Follow-Up: Micro Entity Status
Follow-Up: Micro Entity Status
When the United States Patent and Trademark Office (USPTO) adopted and adjusted fees while implementing the America Invents Act (AIA) earlier this year, the agency created a new category called "micro entities." Since the implementation of micro entity-and the 75 percent discount on fees associated with it-the Office of Innovation Development has not surprisingly received numerous inquiries about it.
The reduction serves qualifying independent inventors, small businesses, and members of the academic community, providing an even greater discount than the one for small entities. You can see all fees, including micro entity fees, on the current USPTO Fee Schedule page.
Here are a few things to keep in mind when determining if you qualify as a micro entity:
- There are two separate sections of law associated with micro entity status. The first section allows anyone meeting certain income levels and other requirements to qualify for the reduced micro entity fees. The second section of the law provides the same reduction for inventors who earn a majority of their income from an institution of higher education or have assigned, granted, or conveyed-or are under an obligation to assign, grant or convey-the right of their patent to an institution of higher education. For more on these requirements, read our original advice article on micro entity status.
- To receive the micro entity reduced fees, you must file a form with your application showing that you meet the requirements as indicated above. These forms must be filed with every application for which you wish to receive the micro entity discount. Non-academic filers should use form SB/15A. For filers associated with an institution of higher education, use form SB/15B. These forms, along with all other USPTO patent-related forms can be found on our Patents Forms page.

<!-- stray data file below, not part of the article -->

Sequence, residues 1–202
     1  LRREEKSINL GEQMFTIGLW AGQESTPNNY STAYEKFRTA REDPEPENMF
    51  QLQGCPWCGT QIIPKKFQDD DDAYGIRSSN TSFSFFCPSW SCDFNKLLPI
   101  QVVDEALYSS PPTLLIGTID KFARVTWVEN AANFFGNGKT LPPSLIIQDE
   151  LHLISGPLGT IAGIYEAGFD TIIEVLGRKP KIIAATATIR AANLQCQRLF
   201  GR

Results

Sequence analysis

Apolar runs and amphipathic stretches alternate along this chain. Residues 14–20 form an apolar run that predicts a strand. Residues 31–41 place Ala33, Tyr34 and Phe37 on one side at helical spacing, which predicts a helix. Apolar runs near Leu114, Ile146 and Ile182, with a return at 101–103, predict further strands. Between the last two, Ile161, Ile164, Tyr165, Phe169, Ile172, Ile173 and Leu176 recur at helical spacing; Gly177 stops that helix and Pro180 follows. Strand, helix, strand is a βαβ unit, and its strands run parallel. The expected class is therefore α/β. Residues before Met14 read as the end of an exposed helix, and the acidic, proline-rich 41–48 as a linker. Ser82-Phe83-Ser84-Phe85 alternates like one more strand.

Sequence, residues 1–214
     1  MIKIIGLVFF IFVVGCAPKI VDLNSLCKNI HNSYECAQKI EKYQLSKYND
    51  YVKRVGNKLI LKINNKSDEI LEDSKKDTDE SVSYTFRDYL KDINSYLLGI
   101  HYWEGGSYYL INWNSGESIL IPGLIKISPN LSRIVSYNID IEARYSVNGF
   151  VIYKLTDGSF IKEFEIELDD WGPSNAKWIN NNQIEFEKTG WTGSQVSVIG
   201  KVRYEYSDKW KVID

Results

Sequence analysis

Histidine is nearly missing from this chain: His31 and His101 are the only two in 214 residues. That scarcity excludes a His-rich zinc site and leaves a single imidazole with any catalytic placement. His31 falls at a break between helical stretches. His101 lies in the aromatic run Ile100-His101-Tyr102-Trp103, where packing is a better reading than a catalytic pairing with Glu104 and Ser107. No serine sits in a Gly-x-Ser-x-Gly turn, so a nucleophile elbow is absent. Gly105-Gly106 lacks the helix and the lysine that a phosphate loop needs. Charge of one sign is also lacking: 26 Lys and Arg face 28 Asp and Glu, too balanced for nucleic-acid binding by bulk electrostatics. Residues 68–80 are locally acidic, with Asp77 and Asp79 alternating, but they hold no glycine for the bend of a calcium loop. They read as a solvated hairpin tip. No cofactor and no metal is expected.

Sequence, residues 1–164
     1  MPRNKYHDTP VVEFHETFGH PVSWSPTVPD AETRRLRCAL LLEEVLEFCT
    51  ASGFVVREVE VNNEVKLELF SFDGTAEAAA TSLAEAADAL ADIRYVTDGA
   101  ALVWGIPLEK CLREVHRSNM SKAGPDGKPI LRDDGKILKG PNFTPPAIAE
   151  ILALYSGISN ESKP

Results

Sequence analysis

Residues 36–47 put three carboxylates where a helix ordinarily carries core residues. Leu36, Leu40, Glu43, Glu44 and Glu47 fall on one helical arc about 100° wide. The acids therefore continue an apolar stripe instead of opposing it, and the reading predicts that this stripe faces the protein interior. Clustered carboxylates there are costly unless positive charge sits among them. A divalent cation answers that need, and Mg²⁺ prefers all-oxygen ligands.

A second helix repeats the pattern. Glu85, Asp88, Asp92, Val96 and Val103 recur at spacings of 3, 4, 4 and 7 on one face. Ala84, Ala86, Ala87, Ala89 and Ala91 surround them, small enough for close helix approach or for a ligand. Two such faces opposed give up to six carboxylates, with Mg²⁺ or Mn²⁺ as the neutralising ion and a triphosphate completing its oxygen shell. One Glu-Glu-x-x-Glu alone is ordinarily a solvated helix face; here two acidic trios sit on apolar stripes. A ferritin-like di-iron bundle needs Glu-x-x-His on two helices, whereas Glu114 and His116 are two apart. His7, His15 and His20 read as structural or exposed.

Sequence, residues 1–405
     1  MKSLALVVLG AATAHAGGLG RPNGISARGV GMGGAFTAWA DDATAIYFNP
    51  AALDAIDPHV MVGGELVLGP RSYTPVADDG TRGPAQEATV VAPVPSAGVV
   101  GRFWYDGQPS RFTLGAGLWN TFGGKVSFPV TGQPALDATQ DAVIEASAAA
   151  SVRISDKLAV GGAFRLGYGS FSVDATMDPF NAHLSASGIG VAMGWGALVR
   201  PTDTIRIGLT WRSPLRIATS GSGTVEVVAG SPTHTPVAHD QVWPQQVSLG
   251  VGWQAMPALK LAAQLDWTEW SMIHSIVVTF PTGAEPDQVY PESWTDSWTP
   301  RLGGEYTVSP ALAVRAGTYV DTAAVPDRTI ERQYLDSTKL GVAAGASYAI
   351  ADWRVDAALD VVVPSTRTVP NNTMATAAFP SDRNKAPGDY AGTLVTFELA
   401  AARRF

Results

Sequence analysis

- Please remember that if you file a non-provisional utility application in paper, you are subject to a non-electronic surcharge in addition to the normal fees associated with filing a non-provisional application. There is no micro entity discount for this surcharge. That means if you are filing as a micro entity using a paper application, you will be required to pay the small entity non-electronic filing surcharge of $200. To avoid this surcharge, file electronically using EFS-Web, the USPTO's automated online solution for patent filing. The surcharge does not apply to reissue, design, plant, or provisional applications. Visit our EFS-Web resources page to learn more.
The USPTO gives you useful information and non-legal advice in the areas of patents and trademarks. The patent and trademark statutes and regulations should be consulted before attempting to apply for a patent or register a trademark. These laws and the application process can be complicated. If you have intellectual property that could be patented or registered as a trademark, the use of an attorney or agent who is qualified to represent you in the USPTO is advised.